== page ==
BBC Monitoring Library is a fully-searchable database that offers access to news and open source information collected by BBC Monitoring (BBCM) from "more than 3,000 radio, television, press, internet and news agency sources in over 150 countries." The archives date back to January 1, 2006, with more than 1.6 million entries in the database as of May 2014. Content is added continuously (updated hourly on a 24-hour basis). According to the publisher, an average of 700 news items are added daily. 
An information graphic on the BBCM site suggests global monitoring coverage, with the exception of the United States and Canada, Australia and New Zealand.  A list of sources is not publicly available from their site, nor does BBCM provide such a list, as they indicate sources are constantly assessed and selected to provide “a balanced representation of what the media is saying around the world.” As such, sources may change frequently. It is not possible to search the database by media source.
Content is added selectively from sources focusing on geopolitical news, including politics, economics, environment, health, human rights, and a variety of other topics. As a monitoring service, BBCM primarily provides translated full-text, summaries and excerpts of articles. However, BBCM may also provide expert analysis of media coverage, trends, and events. The type and extent of coverage may vary, depending on the nature of the news item or the source. Content is translated and presented in English. BBCM indicates that sources are translated by editorial teams rather than by machine translation to better ensure accurate regional understanding and local nuances. 
Each entry in the database lists the source, language of original reporting, date of publication, and, if broadcast, the time of day. Articles are tagged where appropriate with topic, country and regional tags.
It should be noted that BBCM also provides content licensing of its information to other aggregators. Content may be found in LexisNexis Academic ("International Reports," 1979 to present), Factiva (1998 to present), and Access World News (1997 forward), among other providers. According to BBCM, feeds provided to aggregators contain the core transcripts and translations supplied by BBCM. However, users have noted discrepancies in results when comparing BBC Monitoring Library and BBCM content in LexisNexis (see "Community Comments" for more information).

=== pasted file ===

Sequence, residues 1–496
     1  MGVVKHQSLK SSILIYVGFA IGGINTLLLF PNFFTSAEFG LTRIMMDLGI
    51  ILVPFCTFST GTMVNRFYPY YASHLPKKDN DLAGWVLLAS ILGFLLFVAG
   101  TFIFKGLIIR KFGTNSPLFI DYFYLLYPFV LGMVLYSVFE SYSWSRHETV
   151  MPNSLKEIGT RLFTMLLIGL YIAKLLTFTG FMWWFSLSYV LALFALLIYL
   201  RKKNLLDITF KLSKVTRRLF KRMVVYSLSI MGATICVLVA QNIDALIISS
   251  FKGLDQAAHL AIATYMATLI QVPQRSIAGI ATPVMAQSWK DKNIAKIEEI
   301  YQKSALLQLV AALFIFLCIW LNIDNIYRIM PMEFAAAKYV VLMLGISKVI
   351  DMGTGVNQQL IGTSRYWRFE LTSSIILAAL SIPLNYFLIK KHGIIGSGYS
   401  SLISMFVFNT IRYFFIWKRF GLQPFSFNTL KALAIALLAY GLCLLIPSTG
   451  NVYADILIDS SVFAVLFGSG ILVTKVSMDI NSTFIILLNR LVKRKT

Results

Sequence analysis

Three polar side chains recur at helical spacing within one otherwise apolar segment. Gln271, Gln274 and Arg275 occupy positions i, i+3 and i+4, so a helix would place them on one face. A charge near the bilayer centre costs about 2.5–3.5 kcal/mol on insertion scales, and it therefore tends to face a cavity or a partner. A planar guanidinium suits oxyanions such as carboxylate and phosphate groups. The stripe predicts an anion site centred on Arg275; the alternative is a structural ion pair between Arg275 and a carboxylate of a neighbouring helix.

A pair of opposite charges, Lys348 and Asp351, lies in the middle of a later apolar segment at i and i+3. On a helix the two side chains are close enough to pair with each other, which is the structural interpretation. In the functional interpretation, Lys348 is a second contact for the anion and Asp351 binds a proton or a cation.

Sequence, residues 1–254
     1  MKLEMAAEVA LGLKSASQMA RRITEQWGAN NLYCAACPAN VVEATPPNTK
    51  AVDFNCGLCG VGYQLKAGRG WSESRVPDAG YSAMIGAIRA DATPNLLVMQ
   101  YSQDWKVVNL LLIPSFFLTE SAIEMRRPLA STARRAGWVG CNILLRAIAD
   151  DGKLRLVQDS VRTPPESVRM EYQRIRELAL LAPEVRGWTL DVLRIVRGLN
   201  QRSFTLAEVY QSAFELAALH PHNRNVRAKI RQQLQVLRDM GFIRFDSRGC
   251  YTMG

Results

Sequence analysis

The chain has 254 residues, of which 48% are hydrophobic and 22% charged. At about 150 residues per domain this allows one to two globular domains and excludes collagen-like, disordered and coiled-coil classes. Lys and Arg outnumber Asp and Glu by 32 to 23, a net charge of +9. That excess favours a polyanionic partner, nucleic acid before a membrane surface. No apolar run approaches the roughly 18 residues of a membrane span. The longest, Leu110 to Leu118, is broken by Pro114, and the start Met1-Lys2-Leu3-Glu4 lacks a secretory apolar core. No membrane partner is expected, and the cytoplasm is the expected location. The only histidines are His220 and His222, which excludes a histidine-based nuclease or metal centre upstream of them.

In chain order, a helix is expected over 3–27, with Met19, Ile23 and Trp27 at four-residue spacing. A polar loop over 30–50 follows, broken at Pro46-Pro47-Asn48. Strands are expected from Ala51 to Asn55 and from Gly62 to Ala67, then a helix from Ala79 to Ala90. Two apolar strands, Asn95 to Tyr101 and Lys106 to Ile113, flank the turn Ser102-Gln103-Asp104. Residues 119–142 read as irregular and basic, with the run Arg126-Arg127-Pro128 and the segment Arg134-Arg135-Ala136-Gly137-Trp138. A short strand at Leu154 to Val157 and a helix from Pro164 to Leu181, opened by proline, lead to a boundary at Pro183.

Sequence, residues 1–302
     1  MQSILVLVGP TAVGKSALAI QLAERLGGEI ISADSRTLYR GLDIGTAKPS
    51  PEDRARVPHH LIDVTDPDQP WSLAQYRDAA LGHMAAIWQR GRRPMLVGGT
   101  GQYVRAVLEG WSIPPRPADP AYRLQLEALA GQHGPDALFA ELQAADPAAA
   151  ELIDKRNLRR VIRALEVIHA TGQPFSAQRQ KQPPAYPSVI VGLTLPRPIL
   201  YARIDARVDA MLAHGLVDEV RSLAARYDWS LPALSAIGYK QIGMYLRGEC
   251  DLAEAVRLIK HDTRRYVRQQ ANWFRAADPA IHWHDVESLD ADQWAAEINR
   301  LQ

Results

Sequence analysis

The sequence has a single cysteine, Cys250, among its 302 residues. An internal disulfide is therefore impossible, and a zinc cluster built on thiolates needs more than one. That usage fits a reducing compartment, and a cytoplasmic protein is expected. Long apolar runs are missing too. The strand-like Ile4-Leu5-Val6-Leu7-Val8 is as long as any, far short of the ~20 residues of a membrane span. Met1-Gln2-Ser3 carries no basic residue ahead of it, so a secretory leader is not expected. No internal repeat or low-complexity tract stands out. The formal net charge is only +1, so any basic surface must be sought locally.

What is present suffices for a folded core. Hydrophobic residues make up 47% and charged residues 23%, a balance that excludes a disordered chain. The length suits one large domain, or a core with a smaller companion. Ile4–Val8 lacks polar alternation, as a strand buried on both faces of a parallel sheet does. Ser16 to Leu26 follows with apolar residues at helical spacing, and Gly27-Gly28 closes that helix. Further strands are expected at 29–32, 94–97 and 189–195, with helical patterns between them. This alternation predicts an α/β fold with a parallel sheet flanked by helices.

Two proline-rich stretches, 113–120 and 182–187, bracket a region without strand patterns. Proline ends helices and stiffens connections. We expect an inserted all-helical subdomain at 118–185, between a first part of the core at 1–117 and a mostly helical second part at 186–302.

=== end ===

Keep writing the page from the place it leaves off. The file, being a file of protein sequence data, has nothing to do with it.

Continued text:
Content unique to the BBC Monitoring Library includes additional reports and analysis, which may include media observations, social media roundups, and occasional profiles of emerging organizations, people in the news, or local events of significance. 
BBC Monitoring, a division of the British Broadcasting Corporation, was created in 1939 to monitor radio broadcasts during World War II. Its objective was to provide the British government with reports and analysis based on open source intelligence. Over time, BBCM expanded its scope to include Eastern Europe and Russia, Central Asia, South Asia, and parts of the Middle East and Africa.  Today it claims global coverage, with content translated into English “from more than 100 languages.” It presently employs approximately 370 people, including those in its home office in Caversham (near Reading), through its international offices in Europe, Russia, the Caucasus, Central Asia, South Asia, the Middle East and Africa, and independent contractors theat monitor local media in other world areas.
The principal output of BBC Monitoring was originally the daily and weekly Digest of World Broadcasts, later renamed Summary of World Broadcasts (SWB). SWB continued in various iterations until 2001, when it was integrated into the full-text International Reports from BBCM.  Today, BBCM content is delivered to customers electronically through e-mail services, websites and direct feeds.
Distinct from most other BBC services, through 2012 the funding of BBC Monitoring came principally from its stakeholders (primarily through Grant-in-Aid from the Cabinet Office). In 2013/14, Cabinet Office funding was discontinued, and BBCM is now supported in part through the TV license fee paid by UK households to the BBC Trust.